• Purpose - This one may seem like a given in relation to the nonprofit sector (after all, many people working in the nonprofit sector started out doing so because of a sense of purpose), but I think there is something more here. The past few years have pulled the curtain back on a number of nonprofits that were just fundraising to stay afloat rather than to address a community need. When this happens the social purpose of the organization is compromised. As a result, many of these organizations have decided to close down, merge or form strategic alliances, which helps gets the focus back on the mission - the social purpose - and away from just raising money to keep the doors open. Some funders have started to dedicate resources to helping nonprofits explore and carry-out mergers. This trend needs to continue.

I believe that the nonprofit sector's potential for innovation is greater than any one of us can imagine, but the way organizations are currently funded is counter-productive to fostering the creativity needed to break through to new solutions.

I know this is only a start, but even the biggest ideas start out small.

Wednesday, October 5, 2011

Tips for Smart Giving During Give to the Max Day 2011

Individuals and nonprofits from all over Minnesota are gearing up for this year’s much anticipated Give to the Max Day (GTMD) on November 16th, but how can you make the most of your donations on this special day?

With the smashing success of the past two Give to the Max Days, this year there is much to look forward to—and hopefully new records to break. To freshen your memory, in 2009 more than $14 million was raised for Minnesota charities in 24-hours – and more than 3,400 Minnesota nonprofits benefited from contributions made by more than 38,000 donors (making it the most successful place-based online fundraising drive in history—anywhere). Last year, the bar was raised with more than 42,000 individual donors participating and more than $10 million was raised for Minnesota charities.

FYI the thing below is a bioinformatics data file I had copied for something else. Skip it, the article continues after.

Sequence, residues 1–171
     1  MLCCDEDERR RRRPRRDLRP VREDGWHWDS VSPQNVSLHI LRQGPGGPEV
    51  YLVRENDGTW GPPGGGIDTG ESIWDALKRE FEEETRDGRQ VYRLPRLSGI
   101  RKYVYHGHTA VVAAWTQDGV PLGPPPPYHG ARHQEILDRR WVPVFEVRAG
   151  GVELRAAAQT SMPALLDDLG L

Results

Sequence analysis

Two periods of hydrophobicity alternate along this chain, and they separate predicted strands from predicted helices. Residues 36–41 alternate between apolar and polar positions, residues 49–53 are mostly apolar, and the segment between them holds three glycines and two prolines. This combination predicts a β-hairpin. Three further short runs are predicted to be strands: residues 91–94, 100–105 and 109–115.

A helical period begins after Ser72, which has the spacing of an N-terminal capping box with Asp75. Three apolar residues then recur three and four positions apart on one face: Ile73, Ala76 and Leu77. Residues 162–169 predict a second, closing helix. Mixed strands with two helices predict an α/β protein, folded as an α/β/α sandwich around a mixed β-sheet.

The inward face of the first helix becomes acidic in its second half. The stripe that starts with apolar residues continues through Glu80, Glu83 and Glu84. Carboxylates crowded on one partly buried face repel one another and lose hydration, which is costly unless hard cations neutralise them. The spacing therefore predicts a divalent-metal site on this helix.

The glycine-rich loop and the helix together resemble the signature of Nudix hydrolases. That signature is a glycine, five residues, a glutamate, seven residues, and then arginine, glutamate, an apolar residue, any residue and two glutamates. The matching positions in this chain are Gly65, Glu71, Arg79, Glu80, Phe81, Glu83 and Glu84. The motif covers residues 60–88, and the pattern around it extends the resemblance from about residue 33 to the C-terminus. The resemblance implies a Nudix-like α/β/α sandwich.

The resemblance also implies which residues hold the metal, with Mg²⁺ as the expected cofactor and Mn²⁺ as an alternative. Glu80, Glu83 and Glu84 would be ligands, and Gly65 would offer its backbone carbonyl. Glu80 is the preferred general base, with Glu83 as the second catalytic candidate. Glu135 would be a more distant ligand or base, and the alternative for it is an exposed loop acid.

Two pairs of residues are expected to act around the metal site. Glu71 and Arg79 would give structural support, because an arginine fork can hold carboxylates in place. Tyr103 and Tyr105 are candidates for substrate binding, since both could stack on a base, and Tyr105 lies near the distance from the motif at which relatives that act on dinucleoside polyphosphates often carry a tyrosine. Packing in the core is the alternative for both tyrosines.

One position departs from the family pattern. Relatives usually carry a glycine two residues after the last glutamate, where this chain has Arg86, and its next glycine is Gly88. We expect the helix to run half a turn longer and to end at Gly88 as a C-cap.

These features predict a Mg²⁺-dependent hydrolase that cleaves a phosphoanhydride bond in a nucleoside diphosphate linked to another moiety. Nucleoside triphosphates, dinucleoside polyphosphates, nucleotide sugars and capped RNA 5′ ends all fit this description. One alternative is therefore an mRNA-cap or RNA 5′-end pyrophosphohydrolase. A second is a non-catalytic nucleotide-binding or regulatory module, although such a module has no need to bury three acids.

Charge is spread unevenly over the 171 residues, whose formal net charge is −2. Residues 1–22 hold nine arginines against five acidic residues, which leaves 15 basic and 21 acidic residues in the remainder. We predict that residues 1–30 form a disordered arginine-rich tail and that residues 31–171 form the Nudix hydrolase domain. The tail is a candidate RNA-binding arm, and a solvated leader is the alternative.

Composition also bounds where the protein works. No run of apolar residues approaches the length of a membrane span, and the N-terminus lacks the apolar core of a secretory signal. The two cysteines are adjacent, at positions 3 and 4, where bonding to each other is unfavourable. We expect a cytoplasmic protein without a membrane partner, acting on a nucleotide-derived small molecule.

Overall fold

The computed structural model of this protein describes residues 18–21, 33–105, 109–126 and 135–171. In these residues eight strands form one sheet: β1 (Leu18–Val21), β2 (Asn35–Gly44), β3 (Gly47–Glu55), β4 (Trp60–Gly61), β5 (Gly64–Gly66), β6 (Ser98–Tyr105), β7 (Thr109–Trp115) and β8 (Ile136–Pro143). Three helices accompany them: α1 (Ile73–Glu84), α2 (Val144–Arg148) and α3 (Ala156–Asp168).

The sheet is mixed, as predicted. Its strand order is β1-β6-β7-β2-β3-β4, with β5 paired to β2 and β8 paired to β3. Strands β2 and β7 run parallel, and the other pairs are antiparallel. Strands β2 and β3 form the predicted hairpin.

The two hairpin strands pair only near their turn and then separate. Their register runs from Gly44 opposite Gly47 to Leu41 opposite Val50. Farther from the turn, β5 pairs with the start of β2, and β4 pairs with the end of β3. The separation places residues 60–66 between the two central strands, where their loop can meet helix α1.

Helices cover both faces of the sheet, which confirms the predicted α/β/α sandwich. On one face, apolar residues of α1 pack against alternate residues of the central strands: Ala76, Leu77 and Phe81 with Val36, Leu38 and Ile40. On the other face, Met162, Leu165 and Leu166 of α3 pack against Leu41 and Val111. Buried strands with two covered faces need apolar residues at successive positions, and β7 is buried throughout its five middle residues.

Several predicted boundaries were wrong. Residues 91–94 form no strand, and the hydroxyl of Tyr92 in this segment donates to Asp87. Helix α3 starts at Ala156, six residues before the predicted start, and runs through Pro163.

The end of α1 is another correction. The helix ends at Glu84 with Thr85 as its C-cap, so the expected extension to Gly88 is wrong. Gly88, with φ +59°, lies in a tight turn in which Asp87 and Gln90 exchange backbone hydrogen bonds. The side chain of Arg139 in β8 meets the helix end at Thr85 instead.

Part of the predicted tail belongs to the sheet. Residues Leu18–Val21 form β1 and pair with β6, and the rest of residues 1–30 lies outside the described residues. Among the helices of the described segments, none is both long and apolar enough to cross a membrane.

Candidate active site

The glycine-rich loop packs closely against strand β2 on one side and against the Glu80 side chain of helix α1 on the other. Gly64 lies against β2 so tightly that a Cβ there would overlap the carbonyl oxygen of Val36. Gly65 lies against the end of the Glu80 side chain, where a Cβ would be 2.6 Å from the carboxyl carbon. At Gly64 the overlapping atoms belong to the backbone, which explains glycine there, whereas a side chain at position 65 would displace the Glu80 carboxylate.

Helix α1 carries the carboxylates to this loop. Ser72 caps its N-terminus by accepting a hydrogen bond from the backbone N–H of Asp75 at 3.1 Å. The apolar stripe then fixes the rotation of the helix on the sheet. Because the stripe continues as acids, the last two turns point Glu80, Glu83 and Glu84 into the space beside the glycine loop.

To help break these past records, here are three tips for being smart with your Give to the Max Day donations:

1. Keep an eye out for Minnesota’s Most Trustworthy Nonprofits by looking for the Meets Standards Seal on a nonprofit’s GiveMN page:

2. During GTMD, donate to your favorite organization during “off hours” (e.g. 2am!) to help your chance at winning a “golden ticket (throughout the 24-hour Give to the Max Day, one donor will be randomly chosen every hour to have $1,000 added to their donation).

3. Rally your friends, family, and co-workers together to join you in your efforts of supporting your favorite organization. The more donations your favorite organization gets, the better chance it has at winning a $15,000, $10,000 or $5,000 prize grant (which will be going to nonprofits that receive the most dollars during GTMD—for more details read here).

With records to break, causes to support, and money to raise, how will YOU make a difference during this year’s Give to the Max Day?

Pam Anderson of Helping Paws talks about why they use GiveMN: